Plant-Based Filter Looks Cool and Cleans Air
French designer Mathieu Lehanneur and Harvard professor David Edwards have teamed up to bring us one step closer to cleaner air with their Bel-Air plant-based filter. This so-called "domestic spacecraft " utilizes the natural recycling qualities of the plant kingdom to absorb toxic compounds in the air, emitted by common household items.
Lehanneur notes that when the first NASA astronauts returned from their celestial voyages, levels of toxic compounds in their tissues were abnormally high, presumably due to atmospheric leakage from the components of the actual craft itself. The off-gases from the insulation, fire retardants and plastics that the shuttles consisted of were slowly poisoning them. And so may be the case in our personal environments as well, hence the need for this space-agey encased greenery.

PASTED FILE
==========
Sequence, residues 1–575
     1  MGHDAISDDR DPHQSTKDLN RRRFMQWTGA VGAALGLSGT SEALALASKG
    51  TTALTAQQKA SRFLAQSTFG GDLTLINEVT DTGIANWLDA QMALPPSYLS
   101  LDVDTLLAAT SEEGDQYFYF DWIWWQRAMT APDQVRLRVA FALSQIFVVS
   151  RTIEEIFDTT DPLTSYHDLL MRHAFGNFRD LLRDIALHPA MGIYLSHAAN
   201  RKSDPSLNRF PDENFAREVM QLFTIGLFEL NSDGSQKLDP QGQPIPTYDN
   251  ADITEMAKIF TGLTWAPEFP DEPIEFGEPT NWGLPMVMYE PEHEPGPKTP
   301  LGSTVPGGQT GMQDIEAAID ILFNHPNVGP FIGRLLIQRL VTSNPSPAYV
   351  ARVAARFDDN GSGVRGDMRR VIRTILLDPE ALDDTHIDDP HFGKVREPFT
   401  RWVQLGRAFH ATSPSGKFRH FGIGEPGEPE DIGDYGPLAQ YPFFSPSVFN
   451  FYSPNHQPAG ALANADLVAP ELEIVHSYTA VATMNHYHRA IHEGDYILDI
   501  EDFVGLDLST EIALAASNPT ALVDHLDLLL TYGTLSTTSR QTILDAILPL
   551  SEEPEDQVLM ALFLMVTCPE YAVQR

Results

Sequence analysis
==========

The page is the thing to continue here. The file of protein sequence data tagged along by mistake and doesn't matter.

This "live filter" takes in these nefarious emissions invisible to humans, absorbing the toxic compounds through the roots and leaves of the plant. Among others, gerbero, philodendron, spaythyphyllum and pathos are said to be particularly superior in removing pollutants.
Le Laboratoire, a creative space which seeks to bring artists and science together, has recently opened in central Paris, founded by David Edwards. Bel-Air: News About a Second Atmosphere is a current installation. Also in store for this revolutionary plant-based air filter is a stint at the MOMA in New York in 2008, so make sure to take some deep breaths when you go.